Joe Betcher, President
Ohio National Take it from the Top editors took the opportunity to ask Joe Betcher what his ideals and tips are for finding success throughout his career. Joe’s unstoppable efforts have propelled him to be among the Top 1% Financial Advisors Worldwide and have earned him goal-shattering awards including Ohio National’s 2020 Line Leader (top producer) for life insurance as well.
Thanks for taking the time to talk to us today, Joe. What tips would you offer to a new agent trying to achieve the kind of success you’ve enjoyed?
I really believe the job of a new advisor is one thing and one thing alone: to set meetings with prospective clients. If a new advisor is running less than fifteen meetings a week, they’re probably not going to get the results they need unless they’re in a real exclusive marketplace. If there were a new advisor in front of me here, and they asked what they needed to do to make it, I would ask them, “How many meetings can you set? Are you willing to set meetings to see people?” And then teach them how to do the fact finding. What data do they need to be able to bring back to deliver that next meeting? Their only job is to get the details, qualify the client and then set up another call or a meeting with them.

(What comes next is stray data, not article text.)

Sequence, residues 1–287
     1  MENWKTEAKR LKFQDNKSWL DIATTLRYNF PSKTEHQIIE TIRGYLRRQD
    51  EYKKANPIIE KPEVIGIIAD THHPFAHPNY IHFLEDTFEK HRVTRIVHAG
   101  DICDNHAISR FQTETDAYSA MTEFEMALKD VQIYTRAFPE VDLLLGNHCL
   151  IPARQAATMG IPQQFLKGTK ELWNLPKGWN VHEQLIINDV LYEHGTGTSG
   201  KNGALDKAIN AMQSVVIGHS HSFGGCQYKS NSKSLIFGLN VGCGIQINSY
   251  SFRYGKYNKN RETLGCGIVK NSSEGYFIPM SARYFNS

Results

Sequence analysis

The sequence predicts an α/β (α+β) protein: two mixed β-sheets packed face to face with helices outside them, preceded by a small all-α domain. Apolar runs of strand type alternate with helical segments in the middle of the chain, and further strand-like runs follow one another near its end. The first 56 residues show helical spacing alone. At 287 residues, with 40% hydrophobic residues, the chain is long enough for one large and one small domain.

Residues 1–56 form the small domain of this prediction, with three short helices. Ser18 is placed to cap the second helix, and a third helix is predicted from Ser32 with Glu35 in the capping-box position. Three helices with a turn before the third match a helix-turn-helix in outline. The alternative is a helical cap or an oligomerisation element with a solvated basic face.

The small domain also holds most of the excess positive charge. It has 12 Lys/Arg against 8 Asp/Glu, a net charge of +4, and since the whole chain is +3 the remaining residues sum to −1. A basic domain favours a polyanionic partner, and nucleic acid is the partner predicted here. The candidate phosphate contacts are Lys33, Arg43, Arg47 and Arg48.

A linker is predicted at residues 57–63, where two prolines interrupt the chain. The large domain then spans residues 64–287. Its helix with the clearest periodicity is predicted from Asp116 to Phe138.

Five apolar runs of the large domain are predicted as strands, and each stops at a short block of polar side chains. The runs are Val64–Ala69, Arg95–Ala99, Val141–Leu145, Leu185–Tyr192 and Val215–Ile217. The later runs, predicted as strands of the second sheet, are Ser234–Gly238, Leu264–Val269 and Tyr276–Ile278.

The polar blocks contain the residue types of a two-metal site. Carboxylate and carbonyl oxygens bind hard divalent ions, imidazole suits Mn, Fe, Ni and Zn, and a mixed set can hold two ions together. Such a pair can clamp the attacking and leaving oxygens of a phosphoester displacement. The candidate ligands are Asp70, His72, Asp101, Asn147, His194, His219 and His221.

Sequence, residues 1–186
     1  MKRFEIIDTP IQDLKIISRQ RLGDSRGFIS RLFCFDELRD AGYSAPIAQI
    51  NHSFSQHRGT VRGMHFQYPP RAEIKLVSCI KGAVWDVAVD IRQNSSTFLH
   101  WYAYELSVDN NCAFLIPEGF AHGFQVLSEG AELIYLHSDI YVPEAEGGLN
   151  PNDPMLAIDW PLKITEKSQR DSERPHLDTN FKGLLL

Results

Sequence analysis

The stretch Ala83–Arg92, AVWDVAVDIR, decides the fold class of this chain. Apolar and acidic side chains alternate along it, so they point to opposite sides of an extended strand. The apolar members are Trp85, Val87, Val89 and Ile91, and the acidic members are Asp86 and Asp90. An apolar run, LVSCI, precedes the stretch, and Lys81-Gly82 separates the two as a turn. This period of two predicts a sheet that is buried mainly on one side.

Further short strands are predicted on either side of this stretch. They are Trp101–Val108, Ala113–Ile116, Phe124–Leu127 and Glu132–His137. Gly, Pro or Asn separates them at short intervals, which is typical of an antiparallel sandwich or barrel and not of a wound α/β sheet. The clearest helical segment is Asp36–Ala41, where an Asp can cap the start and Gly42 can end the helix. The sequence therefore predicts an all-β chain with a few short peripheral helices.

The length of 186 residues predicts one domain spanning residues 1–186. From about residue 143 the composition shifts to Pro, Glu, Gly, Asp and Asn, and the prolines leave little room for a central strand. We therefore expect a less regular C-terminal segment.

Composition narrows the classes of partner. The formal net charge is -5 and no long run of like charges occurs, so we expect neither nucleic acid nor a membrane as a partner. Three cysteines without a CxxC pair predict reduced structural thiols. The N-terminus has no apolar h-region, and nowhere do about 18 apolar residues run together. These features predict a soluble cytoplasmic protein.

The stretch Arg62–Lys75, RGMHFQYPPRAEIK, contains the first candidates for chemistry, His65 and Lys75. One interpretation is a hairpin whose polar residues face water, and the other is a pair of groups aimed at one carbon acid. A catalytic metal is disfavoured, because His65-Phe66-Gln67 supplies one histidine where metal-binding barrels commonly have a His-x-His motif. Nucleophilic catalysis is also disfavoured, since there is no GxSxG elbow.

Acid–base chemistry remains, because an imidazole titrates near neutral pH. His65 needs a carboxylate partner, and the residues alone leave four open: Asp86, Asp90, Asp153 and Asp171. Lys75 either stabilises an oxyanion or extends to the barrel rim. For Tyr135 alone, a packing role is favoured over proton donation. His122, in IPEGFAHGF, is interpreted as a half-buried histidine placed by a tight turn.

The biggest failure of a new rep would be to try to do it all on their own and what’s unique [about the culture at Betcher Financial Group] is that we have a team of people. We have two financial planners, we have two or three senior advisors, and when a rep joins the firm, they’re not allowed to run a case or an appointment alone. Based on the size of the opportunity, we’ll align them. I’m still a producing general agent, I’ll get involved. If the case is complicated or deep or it needs more advanced planning work, then I’ll typically get involved from the beginning. The way that they’ll learn isn’t by reading a book or watching a reference library video. It’s by actually going in the meeting with a senior rep. Most reps will try to do it all on their own. Even my mid-level senior advisors try to do it on their own. Splitting business is really the secret to my success. That’s what propelled me into my position today: running joint meetings.